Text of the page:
Despite ongoing controversy, the view that pediatric mania is rare or nonexistent has been increasingly challenged not only by case reports, but also by systematic research. This research strongly suggests that pediatric mania may not be rare but that it may be difficult to diagnose. Since children with mania are likely to become adults with bipolar disorder, the recognition and characterization of childhood-onset mania may help identify a meaningful developmental subtype of bipolar disorder worthy of further investigation. The major difficulties that complicate the diagnosis of pediatric mania include: 1) its pattern of comorbidity may be unique by adult standards, especially its overlap with attention-deficit/hyperactivity disorder, aggression, and conduct disorder; 2) its overlap with substance use disorders; 3) its association with trauma and adversity; and 4) its response to treatment is atypical by adult standards. Biol Psychiatry 2000;48: 458–466 © 2000 Society of Biological Psychiatry.
    • Pediatric mania: a developmental subtype of bipolar disorder?

      Biederman, Joseph; Mick, Eric; Faraone, Stephen V.; Spencer, Thomas; Wilens, Timothy E; Wozniak, Janet (Elsevier BV, 2000-09)
    • People’s Perception of Smart Home Devices in their Homes & the Factors which Influence this Perception

      Thakur, Versha; Hash, Larry; Adviser; Marsh, John; Reviewer; Tekeoglu, Ali; Reviewer (2016-12-01)
      This thesis is to determine people’s perception of Smart home devices and the factors which influence this perception. Smart Home devices are becoming more common as many companies are launching various such devices. Although many companies are pushing these devices with extensive marketing, do people feel a need for these devices in their home? This thesis tries to find the answer to this question and what factors are affecting these opinions. Focus group methodology is used for this thesis. It is commonly used to perform qualitative researches. Based on the analysis of the Focus Group discussions, it is found that most people (from the targeted population) will be interested in adopting these smart home devices. There are some concerns which will still need to be addressed by the company such as security, Privacy and some health concerns to make the consumers more comfortable in adopting these devices.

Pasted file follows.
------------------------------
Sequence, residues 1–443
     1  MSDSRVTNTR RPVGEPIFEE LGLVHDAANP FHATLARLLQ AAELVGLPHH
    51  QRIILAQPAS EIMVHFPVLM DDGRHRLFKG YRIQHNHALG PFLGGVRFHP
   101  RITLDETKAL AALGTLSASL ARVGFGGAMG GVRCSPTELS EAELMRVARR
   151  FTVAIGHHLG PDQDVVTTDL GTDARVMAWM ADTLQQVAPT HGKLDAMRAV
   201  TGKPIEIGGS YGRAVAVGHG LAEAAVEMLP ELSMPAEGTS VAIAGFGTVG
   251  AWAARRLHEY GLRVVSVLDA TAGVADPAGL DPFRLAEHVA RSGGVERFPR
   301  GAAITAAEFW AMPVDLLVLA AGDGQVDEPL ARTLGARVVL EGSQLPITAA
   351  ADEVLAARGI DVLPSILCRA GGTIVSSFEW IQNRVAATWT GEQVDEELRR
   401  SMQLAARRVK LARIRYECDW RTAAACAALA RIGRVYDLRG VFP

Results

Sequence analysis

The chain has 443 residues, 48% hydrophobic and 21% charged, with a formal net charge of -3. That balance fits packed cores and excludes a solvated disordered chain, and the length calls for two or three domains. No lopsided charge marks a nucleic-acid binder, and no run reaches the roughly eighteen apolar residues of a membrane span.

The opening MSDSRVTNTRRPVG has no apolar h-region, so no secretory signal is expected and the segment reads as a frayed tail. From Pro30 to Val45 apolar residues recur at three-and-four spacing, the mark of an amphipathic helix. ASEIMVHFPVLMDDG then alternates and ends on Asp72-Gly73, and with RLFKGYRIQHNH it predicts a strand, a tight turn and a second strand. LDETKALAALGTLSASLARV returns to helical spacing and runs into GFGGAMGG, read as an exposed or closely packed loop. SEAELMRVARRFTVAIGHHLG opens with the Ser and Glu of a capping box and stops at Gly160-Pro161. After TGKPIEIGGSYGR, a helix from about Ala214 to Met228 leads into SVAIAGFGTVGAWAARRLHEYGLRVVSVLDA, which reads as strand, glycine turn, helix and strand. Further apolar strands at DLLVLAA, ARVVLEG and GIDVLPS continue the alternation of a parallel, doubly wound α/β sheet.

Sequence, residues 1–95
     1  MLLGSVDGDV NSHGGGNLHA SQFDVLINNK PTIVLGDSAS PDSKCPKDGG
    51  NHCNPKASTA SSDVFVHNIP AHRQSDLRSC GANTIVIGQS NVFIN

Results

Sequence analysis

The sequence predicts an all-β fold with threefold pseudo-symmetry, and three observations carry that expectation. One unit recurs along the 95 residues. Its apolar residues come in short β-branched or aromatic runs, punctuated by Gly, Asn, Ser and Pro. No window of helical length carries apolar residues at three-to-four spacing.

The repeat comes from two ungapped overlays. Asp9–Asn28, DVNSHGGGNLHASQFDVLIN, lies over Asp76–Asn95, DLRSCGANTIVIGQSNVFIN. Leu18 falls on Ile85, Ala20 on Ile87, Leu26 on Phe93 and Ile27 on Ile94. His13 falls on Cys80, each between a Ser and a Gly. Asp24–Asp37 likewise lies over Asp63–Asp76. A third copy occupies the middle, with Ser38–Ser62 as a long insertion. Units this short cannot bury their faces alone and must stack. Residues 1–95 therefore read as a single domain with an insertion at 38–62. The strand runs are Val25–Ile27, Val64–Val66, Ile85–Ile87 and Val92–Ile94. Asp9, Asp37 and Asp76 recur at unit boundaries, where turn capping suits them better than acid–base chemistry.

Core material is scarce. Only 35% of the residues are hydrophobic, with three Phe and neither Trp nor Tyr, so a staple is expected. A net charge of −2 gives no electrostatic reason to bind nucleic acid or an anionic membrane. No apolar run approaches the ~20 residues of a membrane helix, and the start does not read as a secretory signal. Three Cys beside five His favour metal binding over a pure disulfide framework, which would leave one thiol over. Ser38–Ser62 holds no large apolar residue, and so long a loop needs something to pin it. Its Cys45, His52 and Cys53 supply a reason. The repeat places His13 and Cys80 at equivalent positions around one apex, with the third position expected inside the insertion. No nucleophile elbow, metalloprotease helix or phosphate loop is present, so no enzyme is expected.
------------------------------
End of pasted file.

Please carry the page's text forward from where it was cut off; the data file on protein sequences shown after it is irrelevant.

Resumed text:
• PEP Tutorials: Using Cognitive Learning Theory in Creating Online Library Instruction

      Covino, Laura (2013-05-01)
      This paper describes the creation of online tutorials that teach about the PEP (Psychoanalytic Electronic Publishing) Archive, a full-text bibliographic database, for two small, graduate-level psychoanalytic institutes. ,QFUHDWLQJWKHWXWRULDOV WKHLQVWLWXWHV¶OLEUDULDQ used Camtasia Studio software and incorporated principles of cognitive learning theory. Research questions are, first, the practicality of creating and maintaining such online tutorials, and second, their effectiveness in providing PEP training. Methodology includes a literature review, pre-project survey, software choice and training, and preparation of recording scripts. The resulting tutorials do display features of cognitive learning theory, including learner control, encoding and individual differences, perception and attention, memory, and active learning. Conclusions are that for future projects, it would be best to create shorter tutorials along with additional, text-based training materials. The second research question is yet to be answered, and finding effective means of evaluation and assessment remains a challenge.
    • A Personal Web Portfolio: Creating an Online Presence from Conception to Implementation

      Stam, Kathryn; Thesis Advisor; Jofre, Ana; Second Reader; Pierre, Marvin (2020-05)
      Approaching the end of my two-year journey through SUNY Poly’s online IDT program, I felt it was necessary for me to create an artifact showcasing my growth and progression as an Information Designer. Since I completed my degree entirely online (via distance learning), I decided to create a web portfolio representing my work in the program. This paper maps, from concept to execution, my process for creating a personal portfolio website. It includes research and analysis of existing portfolios websites, and it investigates how technology and selected design principles influence a website’s creation. The research presented here culminates with the creation and launch of my own personal portfolio website.